It is through reflection that we make latent thought processes explicit. It is through reflection that we acknowledge our successes (and shortcomings). It is through reflection that we learn from our experiences in order to become better educators. Tweeting and blogging serves to be a prompt to increase the frequency of self-reflection. I realised I’ve started a number of blog posts lately with “this prompted me to reflect…” When engaging with other educators on twitter I am compelled to consider how their experiences apply to my life.

3. Blogging helps to crystalise thinking. Following from the above point on reflection, blogging has caused me to examine my own teaching practice and clarify my position on a number of issues. Writing serves to transform these thoughts and ideas from being abstract to concrete. The process of editing causes me to really hone in and refine my thinking on a variety of issues, so I can clearly articulate my own perspective.

 4. Feedback. Feedback is critical for growth and development. Without reflection and feedback we stagnate: and feedback is equally as important for beginning teachers as it is for my more experienced colleagues. As with reflection, feedback is a time to acknowledge successes (and note areas for improvement) and develop necessary strategies required for progress. I love receiving comments on my articles. A positive comment or “I agree” warms the cockles of my heart. A critique, or alternate perspective provides me with food for thought, often prompting me to consider a different angle or acknowledge shortcomings in my thinking. In addition, feedback via blogs and twitter can provide affirmation of one’s experiences: ideas, victories, successes can easily be dismissed in isolation, but when they are acknowledge by another individual they become more ‘real.’ In particular, as a beginning teacher, (with less than five years experience) I have been critical of what I can contribute to discussions on education. However, through feedback and discussions with other educators, I can know acknowledge that I bring my own, unique, and valuable perspective to the table.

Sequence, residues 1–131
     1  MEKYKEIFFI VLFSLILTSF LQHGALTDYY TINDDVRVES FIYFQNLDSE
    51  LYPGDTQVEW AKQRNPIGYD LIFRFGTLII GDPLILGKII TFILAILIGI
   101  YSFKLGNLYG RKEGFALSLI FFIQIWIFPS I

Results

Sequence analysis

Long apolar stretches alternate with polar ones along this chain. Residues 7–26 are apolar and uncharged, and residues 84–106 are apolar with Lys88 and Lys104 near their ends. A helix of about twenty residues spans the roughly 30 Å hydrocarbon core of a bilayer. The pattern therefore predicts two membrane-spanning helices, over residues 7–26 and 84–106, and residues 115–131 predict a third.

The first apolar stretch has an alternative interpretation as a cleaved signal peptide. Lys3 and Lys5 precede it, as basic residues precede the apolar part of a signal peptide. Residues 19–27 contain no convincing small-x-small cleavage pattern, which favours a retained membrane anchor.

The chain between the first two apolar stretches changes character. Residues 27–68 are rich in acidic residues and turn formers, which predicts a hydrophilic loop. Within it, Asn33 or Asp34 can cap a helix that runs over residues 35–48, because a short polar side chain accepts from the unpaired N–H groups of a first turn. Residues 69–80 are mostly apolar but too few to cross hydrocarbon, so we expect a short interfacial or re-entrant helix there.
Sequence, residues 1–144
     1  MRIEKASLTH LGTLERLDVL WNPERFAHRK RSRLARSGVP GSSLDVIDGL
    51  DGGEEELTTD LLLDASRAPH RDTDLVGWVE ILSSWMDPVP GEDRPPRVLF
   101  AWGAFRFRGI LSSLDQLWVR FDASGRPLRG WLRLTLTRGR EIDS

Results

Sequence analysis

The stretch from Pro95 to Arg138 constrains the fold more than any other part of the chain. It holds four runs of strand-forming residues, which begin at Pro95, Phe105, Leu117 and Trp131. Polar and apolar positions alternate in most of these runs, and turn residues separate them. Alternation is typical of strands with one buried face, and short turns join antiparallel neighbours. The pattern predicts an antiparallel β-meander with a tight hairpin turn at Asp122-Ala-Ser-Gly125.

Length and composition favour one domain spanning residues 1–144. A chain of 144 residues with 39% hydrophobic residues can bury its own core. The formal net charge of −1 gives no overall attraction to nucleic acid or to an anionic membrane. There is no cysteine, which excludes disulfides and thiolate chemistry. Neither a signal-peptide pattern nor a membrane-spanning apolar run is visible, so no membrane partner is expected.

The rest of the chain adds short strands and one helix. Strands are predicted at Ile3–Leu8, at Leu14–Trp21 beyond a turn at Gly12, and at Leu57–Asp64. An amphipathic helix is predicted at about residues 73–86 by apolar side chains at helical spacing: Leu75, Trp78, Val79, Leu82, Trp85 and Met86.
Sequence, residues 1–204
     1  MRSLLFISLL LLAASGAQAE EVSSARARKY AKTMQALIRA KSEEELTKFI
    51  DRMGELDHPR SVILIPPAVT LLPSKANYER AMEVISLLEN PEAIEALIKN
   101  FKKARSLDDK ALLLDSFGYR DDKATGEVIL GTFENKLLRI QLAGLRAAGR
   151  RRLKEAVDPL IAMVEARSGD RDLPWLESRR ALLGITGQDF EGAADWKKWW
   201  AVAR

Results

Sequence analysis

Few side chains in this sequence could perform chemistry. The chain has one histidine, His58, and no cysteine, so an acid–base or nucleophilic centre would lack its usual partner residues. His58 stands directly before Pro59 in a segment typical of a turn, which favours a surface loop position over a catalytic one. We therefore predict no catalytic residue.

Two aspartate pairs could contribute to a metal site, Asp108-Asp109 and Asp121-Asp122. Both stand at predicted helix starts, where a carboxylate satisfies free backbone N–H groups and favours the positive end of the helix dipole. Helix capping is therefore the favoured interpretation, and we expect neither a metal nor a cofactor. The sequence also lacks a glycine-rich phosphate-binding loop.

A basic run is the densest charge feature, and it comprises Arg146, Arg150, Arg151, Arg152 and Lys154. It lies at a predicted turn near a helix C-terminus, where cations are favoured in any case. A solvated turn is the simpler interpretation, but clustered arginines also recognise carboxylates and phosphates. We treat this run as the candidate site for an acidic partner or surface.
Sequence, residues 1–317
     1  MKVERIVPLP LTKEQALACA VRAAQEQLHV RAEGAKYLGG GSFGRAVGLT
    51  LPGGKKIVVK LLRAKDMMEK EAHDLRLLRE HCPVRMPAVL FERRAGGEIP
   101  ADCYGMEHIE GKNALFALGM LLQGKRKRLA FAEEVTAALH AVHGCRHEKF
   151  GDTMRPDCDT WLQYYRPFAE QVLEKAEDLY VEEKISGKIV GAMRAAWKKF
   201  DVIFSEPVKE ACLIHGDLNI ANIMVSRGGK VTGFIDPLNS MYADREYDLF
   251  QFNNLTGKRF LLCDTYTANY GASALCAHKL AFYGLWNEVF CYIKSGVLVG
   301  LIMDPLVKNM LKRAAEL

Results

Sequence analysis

5. Generation of personal momentum. Connecting with others via twitter and wordpress has generated huge levels of motivation for me: feeding into both my work as a teacher, and as a researcher. Blogging causes me to lift my game: when I hit ‘publish’ I know that my article or tweet is out on the web for all to see. Including future employers. I want to be the best teacher and researcher I can be, to ensure that the image I present online is authentic.